http://all-geo.org/highlyallochthonous/ – should have something up on the mechanism in a couple days at most.

  9. Rhinocrates 9

    My thoughts echoed those of the bowl of petunias in The Hitch-Hiker’s Guide to the Galaxy.

  10. AsleepWhileWalking 10

    It wasn’t the *BIG* one. Until it is let’s hope more people start prepping.

    • Greywarbler 10.1

      AWW
      I always thought your pseudonym an odd but interesting one. Then I heard recently that a woman drove a considerable distance while she was actually asleep. And had taken some sleeping pills or tranquilisers even though she knows she has this problem. It is a known condition that some people can do it. But I can’t imagine how. Sleep walking – sleep driving a big vehicle round corners WTF.

      • QoT 10.1.1

        How about sleep-driving to your in-laws’ house across town and murdering one of them? aka The Scariest Thing Ever: http://en.wikipedia.org/wiki/Homicidal_sleepwalking#Parks_case

      • Colonial Viper 10.1.2

        It is a known condition that some people can do it. But I can’t imagine how. Sleep walking – sleep driving a big vehicle round corners WTF.

        Its sorta equivalent to driving a familiar route back home after a hard day at work, walking in the front door, then realising that you can barely remember anything specific about the evening’s journey home. Full autopilot.

  11. bad12 11

    Gee is that it??? anyone know who the owner of this ride is, i want my money back…

  12. infused 12

    We all left work. Was fucking huge.

  13. BM 13

    Have to say when I felt it it Hamilton and it clicked that I was experiencing an earth quake,
    I really thought Wellington was gone.

    Does make you wonder about the craziness of having your civil defense HQ, your Parliament, your national museum in a place like Wellington.

    We all know there’s going to be a big one and Wellington’s going to be FUBARED, seems crazy to have such vital organizations sited in a place that could be wiped off the map at any moment.

    • RedLogix 13.1

      Wgtn is probably better prepared than any other city in the country … and as ChCh demonstrated the whole of New Zealand is one big geo-technical hazard of one sort or another.

      • BM 13.1.1

        I propose moving everything to Hamilton, you know it makes sense.

        • Macro 13.1.1.1

          From our Regional Council BM
          http://www.waikatoregion.govt.nz/Services/Regional-services/Regional-hazards-and-emergency-management/Earthquakes/
          Waikato earthquakes
          New Zealand straddles the boundary between two tectonic plates – the Pacific Plate and the Australian Plate. These plates are moving towards each other by about 50 mm per year. This movement can be felt as tremors in the Waikato region.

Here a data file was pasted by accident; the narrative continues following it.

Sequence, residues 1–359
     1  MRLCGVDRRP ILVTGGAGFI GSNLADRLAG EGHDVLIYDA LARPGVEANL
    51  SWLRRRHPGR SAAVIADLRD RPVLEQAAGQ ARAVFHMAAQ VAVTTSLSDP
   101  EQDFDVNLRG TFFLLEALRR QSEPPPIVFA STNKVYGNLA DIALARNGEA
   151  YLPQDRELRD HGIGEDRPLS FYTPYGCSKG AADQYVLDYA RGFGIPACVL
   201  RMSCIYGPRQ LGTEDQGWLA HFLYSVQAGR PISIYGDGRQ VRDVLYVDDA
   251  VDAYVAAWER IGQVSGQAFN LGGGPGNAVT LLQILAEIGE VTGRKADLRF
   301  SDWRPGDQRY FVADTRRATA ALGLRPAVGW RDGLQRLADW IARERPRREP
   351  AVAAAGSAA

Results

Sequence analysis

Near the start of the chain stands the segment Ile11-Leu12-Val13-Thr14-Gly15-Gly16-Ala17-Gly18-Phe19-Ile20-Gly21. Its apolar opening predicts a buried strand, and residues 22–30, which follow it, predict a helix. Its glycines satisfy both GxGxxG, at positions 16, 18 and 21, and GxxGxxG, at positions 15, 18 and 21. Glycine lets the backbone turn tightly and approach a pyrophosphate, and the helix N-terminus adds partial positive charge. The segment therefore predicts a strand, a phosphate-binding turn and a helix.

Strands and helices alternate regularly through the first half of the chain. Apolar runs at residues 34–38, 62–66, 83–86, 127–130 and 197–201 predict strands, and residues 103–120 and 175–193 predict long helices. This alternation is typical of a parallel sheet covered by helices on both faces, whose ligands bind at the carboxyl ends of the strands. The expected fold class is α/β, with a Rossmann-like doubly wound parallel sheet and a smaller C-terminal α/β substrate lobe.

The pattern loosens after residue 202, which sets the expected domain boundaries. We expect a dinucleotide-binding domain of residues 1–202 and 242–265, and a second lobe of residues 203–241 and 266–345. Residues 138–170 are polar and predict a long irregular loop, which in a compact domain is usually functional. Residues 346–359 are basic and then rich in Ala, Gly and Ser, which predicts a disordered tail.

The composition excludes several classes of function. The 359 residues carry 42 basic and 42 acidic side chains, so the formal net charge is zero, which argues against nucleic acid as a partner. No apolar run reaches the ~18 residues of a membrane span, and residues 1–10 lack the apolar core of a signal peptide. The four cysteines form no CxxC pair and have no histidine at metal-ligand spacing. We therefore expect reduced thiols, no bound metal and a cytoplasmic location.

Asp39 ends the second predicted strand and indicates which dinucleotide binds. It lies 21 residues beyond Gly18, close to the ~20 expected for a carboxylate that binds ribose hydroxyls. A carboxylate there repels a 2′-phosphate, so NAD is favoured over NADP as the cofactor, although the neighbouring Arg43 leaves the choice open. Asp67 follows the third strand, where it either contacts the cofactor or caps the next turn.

There are three large active faults considered ‘risky’ in the Waikato region:

          The Kerepehi Fault – extending along the Thames Estuary and the Hauraki Plains.
          The Rangipo Fault – on the eastern side of Mount Ruapehu.
          The Wairoa North Fault – running along the Bombay Hills north-east of Mercer.
          There have been long gaps between earthquakes in the Waikato region. The area between Taupo and Rotorua is the most vulnerable part of our region for earthquakes. It contains many active fault lines running in a north-east direction.

          Check out our map of earthquake zones in the Waikato region.

    • Macro 13.2

      The Civil Defence HQ is in the basement of the Beehive one of the most earthquake resistant buildings in the country.

      see here
      http://www.propertyrisk.com/refcentr/base.htm

  14. Martin 14

    Fracking here? don’t even think about doing it! :6

  15. RedLogix 15

    Oh dear … noticeable but not dangerous really. Nothing at all like ChCh or even Edgecumbe. Probably quite exciting around Seddon. I for one am thoroughly sick of a lazy media only quoting Richter magnitudes which are quite meaningless really; all that really matter from a human perspective are the peak ground accelerations.

    Also very interesting is the very wide spread of the aftershocks .. from Collingwood, Tuarangi, Hawea, Levin. I can’t help but wonder if this is a good or a bad thing..

    • infused 15.1

      Shits obviously moving. These quakes were big. Not sure if you live in Wellington or not.

      • geoff 15.1.1

        Just wait till they’re under your fucking house boyo, then you’ll really know all about it.

      • RedLogix 15.1.2

        Yesterday I was working in one of the southern Wgtn suburbs infused. I looked about, decided I was in a safe enough place and kept on typing.

        I was also in the 1987 Edgecumbe quake. That was much, much worse. That one threw me right off my feet twice. And I mean thrown; nothing I could do to anticipate or stop it. It was 10 times worse than what happened in Wgtn yesterday…..yet that quake goes down in the records as only a 6.3.